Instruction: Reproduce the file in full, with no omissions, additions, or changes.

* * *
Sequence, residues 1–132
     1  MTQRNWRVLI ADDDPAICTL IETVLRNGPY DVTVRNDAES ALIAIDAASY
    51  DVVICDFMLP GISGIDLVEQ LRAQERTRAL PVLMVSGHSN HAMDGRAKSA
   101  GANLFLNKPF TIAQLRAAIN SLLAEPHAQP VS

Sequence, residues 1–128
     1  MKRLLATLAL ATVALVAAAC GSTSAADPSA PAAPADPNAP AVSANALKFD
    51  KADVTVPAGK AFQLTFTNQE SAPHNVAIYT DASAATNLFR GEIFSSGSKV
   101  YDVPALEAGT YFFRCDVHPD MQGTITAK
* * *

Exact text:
Sequence, residues 1–132
     1  MTQRNWRVLI ADDDPAICTL IETVLRNGPY DVTVRNDAES ALIAIDAASY
    51  DVVICDFMLP GISGIDLVEQ LRAQERTRAL PVLMVSGHSN HAMDGRAKSA
   101  GANLFLNKPF TIAQLRAAIN SLLAEPHAQP VS

Sequence, residues 1–128
     1  MKRLLATLAL ATVALVAAAC GSTSAADPSA PAAPADPNAP AVSANALKFD
    51  KADVTVPAGK AFQLTFTNQE SAPHNVAIYT DASAATNLFR GEIFSSGSKV
   101  YDVPALEAGT YFFRCDVHPD MQGTITAK